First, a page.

On November 2, 1943, Peter sent a cable to FDR, thanking him for the bombers, stating that the Liberators are “truly magnificent machines”. Peter wrote: “I take this opportunity to renew my personal and my people’s warmest thanks to you Mr. President and to the American nation for this generous gift.”
The arrival of Peter and his government to Cairo was also featured in a British Movietone News newsreel, “Personalities: King Peter — Lord Wavell”, October 21, 1943. King Peter of Yugoslavia was shown exiting out of a car, greeted by Mr. Richard G. Casey, UK Minister of State, and Air Chief Marshal Sir Sholto Douglas, at Cairo, Egypt. He was the Air Officer Commanding in Chief of RAF Middle East Command in January, 1943. Also present was British Admiral Sir Andrew Cunningham, whom Peter also was shown greeting. The group was shown walking into the camera. King Peter was shown on steps saluting.
Peter met with King Farouk, King George II of Greece, and General Bernard Montgomery in Egypt. He had discussions with all three. Monty informed him that a Salonika front as in World War I was “impossible” because “it was too long and too difficult to approach” and was unnecessary because the Allies had established a landing in Italy.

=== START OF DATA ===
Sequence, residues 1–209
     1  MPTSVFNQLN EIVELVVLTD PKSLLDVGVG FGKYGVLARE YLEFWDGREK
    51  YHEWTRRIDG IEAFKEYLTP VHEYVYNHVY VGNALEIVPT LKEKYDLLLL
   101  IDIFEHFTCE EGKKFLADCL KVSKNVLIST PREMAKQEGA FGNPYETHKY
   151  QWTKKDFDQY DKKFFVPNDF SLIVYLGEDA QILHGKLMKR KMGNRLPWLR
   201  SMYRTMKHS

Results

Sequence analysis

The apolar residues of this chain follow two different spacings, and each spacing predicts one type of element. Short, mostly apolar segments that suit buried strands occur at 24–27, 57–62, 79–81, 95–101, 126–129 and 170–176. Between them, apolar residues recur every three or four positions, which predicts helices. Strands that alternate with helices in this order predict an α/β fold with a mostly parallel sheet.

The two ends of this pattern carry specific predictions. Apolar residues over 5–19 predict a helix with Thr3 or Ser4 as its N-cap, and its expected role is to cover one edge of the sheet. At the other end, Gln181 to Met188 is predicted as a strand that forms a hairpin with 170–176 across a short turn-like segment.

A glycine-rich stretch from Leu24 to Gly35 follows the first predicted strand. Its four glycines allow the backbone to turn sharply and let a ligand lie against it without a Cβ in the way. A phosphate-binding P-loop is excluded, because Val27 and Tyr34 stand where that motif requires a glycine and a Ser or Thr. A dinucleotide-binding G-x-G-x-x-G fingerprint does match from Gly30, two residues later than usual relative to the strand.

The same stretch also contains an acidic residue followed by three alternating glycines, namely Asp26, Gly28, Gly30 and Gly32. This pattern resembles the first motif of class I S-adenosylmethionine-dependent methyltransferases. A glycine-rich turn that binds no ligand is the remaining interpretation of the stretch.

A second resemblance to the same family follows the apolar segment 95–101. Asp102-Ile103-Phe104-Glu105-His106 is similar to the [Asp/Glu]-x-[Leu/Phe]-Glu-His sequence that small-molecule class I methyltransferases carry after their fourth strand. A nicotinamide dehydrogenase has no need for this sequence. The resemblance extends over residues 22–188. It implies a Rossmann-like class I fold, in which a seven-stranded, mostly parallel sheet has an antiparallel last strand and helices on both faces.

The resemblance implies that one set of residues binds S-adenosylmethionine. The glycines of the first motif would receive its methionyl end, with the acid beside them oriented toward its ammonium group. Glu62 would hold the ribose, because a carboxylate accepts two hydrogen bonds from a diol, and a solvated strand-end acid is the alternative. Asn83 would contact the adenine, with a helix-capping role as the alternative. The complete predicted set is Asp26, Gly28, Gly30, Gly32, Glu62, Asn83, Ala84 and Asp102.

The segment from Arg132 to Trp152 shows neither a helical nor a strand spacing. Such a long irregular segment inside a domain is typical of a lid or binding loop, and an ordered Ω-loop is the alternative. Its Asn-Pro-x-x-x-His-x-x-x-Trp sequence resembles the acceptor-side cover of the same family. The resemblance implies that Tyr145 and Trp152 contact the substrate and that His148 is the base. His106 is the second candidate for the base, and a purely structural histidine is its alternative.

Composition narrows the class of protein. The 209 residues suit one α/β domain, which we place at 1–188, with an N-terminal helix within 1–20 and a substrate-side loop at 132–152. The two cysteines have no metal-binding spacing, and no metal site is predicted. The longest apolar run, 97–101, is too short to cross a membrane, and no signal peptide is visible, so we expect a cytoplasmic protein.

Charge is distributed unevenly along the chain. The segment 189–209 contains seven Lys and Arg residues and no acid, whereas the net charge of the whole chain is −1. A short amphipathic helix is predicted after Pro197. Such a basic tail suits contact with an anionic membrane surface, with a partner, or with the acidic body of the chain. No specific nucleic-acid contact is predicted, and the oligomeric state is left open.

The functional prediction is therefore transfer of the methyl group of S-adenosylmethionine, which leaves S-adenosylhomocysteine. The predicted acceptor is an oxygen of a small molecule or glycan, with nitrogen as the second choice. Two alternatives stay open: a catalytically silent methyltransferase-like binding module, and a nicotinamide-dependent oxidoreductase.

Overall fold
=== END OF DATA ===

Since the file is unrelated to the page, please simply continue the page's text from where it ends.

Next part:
Peter also met with FDR during the Cairo Conference of November 22-26. Puric and Peter were invited to Alexander Kirk’s residence. “I thanked him for handing the B-24s to our contingent in Washington — the first real aid we had received from the U.S. Air Force.” Peter asked him about a possible Allied landing in Yugoslavia. FDR was vague. Peter argued that the Allies should attack the “soft underbelly” in the Balkans as an ideal target. FDR vehemently disagreed. FDR believed that Germany should be attacked in France. This was where Germany was strongest. Moreover, France was a steadfast and longstanding ally of the U.S. Most importantly, FDR still supported Draza Mihailovich at this time according to Peter. FDR wanted the rival guerrilla groups to divide the country into a western and eastern zone. FDR wanted to reconcile or unite the Partisan and Chetnik guerrilla movements and said it was possible. Puric, however, disagreed.
At the Teheran Conference held from November 28 to December 2, 1943, the Allies recognized Tito. Peter recalled: “Mihailovich was thus denied and abandoned.”
On November 8, 1943, the Yugoslav flying personnel were attached to the 376th Bombardment Group, stationed in Enfidaville, Tunisia. After a week of training the Yugoslavs flew their first combat mission on November 15 to strike the Eleusis Airport, Athens. The Yugoslav airmen would fly missions over Greece, Germany, Austria, Bulgaria, and Yugoslavia.